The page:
Mum & Young AdultMum & Young AdultMum is Spooked


Mum once she has listened and looked around went back to her cub and led him/her away from that spot and moved along the bank to make space between the potential threat and her and her cub just like dogs would do if they are free to do so (e.g. off lead).

Moving cub along bankMum & Cub at a safer distanceMum keeping watch

While the above was happening we heard a noise of movement in the trees behind where the bears were mum & cub were initially and then......

A large male appears from the treesHe has a mooch & sniffHe has a last sniff and pees

These are all very typical behaviours of a male dog when encountering a strange dog or a new scent they haven't smelt before. Once he has done this...... 

He heads back to the forestMum heads back after a short while to check it for safetyThe cub rejoins her and they carry on eating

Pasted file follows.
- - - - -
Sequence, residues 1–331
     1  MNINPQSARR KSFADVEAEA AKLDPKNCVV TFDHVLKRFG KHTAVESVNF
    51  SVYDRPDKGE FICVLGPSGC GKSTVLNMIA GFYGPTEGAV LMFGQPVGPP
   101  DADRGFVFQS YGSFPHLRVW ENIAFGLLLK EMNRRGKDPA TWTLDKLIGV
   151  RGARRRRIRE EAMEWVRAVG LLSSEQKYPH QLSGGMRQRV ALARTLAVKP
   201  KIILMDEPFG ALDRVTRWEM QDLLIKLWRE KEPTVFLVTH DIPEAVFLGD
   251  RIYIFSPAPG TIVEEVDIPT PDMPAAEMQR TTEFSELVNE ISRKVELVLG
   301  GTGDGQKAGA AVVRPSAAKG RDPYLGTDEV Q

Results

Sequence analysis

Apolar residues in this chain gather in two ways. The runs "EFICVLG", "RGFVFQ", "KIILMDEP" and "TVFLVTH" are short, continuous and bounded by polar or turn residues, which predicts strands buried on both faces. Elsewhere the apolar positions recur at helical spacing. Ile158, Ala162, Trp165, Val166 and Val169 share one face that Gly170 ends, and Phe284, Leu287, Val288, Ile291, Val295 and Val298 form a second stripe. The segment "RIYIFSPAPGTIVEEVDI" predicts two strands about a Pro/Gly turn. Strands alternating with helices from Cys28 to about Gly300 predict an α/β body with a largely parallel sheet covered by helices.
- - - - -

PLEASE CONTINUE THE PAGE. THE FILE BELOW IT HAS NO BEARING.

The male decides there is nothing for him so heads back to the forest, once mum is sure he has gone she returns to the original place, checks it out has a pee and then once she know it is safe calls the cub to her and they carry on eating.

This is a very similar scenario to one that would happen if it were 3 dogs, there was plenty of sniffing and scenting but no aggression as the Mum made sure her and her cub were at a a safe distance and able to flee into the forest if required.The male checked there was no competition for him and the female wasn't in season there so left them at peace. If either of the adults had felt threatened there would have been noise a posturing just like dogs but as previously said a fight would only have ensued if the mum feared for her cub's safety or the male felt threatened by another male and as they were both able to escape if required this was never an issue.

Therefore if we give our dogs the space they need and an escape route even on lead a similar scenario will play out.

I loved my time with the bears and I hope to go back one day to do some further research on the similarities of behaviour.

I hope you enjoyed this if so please share and comment.

Thanks for reading

Gill Gallagher IMDT ADPT 01433